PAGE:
Day 7

I arrived back home late at night today. I was greeted by the Chieftain and Koriorros; both were glad to see me. My naming ceremony is set for the day after tomorrow, which is the final step in becoming an Arbiter. I'm very excited to finally join the ranks of legends like Koriorros, the Mahjarrat and Kabra, the shadow. It feels like my whole life so far has just been building up to this moment.

–Cogra Matsha-Keh

Naming Ceremony

Naming ceremonies are ritual-like in nature and are considered to be a major part of Charrat culture.  These ceremonies signify one's change from child to adult, and are therefore what most young Charrat look forward to in life.  The ceremony is carried out by a clan's Chieftain, with the clan's arbiter(s) standing close by to show respect and make the ceremony look even cooler.  The speech done by a Chieftain is often very short, and would typically go something like this:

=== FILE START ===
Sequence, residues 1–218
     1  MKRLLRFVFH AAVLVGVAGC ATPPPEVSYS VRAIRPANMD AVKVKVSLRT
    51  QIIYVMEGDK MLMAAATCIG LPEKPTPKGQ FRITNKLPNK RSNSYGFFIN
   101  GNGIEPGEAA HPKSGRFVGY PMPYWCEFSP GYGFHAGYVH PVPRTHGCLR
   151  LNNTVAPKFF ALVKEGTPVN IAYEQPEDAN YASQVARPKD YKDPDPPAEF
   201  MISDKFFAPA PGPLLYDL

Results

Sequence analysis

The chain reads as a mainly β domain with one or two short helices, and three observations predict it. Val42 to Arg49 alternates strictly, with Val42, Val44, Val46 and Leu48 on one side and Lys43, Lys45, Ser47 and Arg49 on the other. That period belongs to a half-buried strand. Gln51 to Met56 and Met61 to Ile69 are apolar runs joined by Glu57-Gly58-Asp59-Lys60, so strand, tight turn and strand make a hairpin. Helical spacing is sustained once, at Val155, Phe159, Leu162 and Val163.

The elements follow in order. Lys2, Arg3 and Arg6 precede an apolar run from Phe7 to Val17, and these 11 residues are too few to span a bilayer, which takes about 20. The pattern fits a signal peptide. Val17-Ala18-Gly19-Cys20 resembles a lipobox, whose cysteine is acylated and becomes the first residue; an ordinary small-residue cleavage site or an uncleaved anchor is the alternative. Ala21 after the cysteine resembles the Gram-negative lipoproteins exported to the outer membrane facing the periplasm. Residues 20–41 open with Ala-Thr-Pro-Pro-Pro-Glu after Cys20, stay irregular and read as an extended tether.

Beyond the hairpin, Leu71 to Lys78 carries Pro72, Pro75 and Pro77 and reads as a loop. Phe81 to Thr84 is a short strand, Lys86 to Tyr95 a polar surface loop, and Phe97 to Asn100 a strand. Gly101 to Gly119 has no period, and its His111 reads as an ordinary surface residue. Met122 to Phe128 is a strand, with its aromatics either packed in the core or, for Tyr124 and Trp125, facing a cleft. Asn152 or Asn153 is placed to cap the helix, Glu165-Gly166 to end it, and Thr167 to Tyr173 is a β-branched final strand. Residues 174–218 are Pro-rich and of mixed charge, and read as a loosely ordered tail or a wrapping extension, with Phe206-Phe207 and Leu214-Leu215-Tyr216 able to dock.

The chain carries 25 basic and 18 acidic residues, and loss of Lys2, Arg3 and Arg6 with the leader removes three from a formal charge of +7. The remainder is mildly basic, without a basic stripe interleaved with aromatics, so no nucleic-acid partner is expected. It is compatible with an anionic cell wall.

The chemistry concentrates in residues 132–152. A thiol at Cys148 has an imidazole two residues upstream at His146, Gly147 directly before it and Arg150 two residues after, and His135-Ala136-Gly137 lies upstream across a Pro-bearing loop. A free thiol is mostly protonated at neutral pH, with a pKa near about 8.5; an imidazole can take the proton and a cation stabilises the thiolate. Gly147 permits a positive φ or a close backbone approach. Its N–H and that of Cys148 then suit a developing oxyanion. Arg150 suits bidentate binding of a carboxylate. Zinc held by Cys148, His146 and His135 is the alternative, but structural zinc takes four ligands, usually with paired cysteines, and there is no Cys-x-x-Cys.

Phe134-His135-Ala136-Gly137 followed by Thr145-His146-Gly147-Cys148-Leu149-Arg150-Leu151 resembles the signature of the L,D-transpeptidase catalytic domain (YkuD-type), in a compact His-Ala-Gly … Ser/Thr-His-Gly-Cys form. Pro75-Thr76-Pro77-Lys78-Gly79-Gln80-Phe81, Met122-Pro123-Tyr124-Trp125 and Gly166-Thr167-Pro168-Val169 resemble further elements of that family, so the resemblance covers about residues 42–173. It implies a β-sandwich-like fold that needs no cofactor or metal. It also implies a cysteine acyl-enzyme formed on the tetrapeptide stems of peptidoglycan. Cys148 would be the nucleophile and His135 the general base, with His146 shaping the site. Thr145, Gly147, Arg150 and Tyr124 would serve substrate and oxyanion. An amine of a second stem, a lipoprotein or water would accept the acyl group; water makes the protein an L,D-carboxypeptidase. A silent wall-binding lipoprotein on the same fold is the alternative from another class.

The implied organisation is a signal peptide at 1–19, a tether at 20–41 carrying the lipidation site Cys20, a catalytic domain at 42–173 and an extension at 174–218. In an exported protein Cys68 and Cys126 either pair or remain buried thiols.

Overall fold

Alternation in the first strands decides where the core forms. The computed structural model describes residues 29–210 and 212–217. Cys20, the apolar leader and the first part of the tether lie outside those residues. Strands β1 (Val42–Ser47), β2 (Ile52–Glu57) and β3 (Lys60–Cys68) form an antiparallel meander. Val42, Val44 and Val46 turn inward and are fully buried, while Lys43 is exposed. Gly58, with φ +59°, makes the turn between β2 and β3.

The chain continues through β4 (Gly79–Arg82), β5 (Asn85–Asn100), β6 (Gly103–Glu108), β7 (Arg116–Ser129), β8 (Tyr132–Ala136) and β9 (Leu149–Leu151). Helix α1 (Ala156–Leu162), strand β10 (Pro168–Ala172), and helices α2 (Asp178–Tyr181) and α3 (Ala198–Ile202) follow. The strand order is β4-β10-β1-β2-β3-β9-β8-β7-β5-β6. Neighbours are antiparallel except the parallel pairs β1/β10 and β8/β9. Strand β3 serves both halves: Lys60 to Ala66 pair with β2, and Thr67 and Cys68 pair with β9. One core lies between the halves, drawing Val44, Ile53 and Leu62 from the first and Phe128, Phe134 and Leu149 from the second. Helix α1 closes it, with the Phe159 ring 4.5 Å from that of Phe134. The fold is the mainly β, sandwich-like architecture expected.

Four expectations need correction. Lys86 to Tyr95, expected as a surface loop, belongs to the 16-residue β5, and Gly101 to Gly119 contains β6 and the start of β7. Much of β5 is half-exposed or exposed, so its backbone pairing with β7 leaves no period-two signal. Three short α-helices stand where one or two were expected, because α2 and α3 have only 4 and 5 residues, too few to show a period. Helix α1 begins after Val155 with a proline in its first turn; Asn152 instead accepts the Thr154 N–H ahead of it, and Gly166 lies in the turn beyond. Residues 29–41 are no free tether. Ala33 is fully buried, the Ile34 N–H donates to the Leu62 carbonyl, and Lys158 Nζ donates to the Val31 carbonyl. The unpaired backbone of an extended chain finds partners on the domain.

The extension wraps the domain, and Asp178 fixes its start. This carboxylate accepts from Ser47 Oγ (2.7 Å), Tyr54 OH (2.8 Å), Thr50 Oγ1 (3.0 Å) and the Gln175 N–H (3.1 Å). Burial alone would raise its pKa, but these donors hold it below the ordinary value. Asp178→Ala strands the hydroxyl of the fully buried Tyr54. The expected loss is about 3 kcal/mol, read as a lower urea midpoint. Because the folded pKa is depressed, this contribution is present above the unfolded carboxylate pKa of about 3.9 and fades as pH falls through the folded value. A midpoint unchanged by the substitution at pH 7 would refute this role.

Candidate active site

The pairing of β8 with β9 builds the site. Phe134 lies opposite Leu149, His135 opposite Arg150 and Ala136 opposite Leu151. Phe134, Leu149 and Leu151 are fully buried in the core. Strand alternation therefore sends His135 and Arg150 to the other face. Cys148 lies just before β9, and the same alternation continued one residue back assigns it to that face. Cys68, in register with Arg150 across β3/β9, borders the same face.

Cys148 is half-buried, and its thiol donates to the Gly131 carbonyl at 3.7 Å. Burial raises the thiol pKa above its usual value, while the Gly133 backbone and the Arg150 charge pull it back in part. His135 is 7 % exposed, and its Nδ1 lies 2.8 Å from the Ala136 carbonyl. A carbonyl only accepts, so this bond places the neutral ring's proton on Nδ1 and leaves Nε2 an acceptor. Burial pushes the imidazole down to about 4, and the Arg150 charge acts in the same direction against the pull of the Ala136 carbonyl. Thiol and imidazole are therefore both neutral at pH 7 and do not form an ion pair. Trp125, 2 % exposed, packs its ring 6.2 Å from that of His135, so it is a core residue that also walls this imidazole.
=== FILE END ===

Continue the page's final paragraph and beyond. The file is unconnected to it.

[Person's name], You have succeeded in completing your Rite of Passage, and in the process you have demonstrated much courage, bravey, wisdom, and strength.  Your victory signifies your transition into adulthood; thus your life in the clan now takes on a far more important role.  Do you, [Person's name], swear an oath to serve the needs of the clan, and to protect its people?

[Person's response]

Then it has been decided, from now on you shall be known as [Person's New Name], a true member of the [Clan name] clan.  Under law, you may now marry, join the military, own property, and study under a master as an apprentice in a craft or trade; in order to gain certification.  We, as a clan, are proud to have you among us, [Person's New Name].  May your life be filled with adventure, knowledge, and wellness.

[Everyone in the audience claps and then everyone goes off to party and get wasted]

Naming ceremonies don't have to follow this exact template, however they usually fall along the lines of something similar.

Community content is available under CC-BY-SA unless otherwise noted.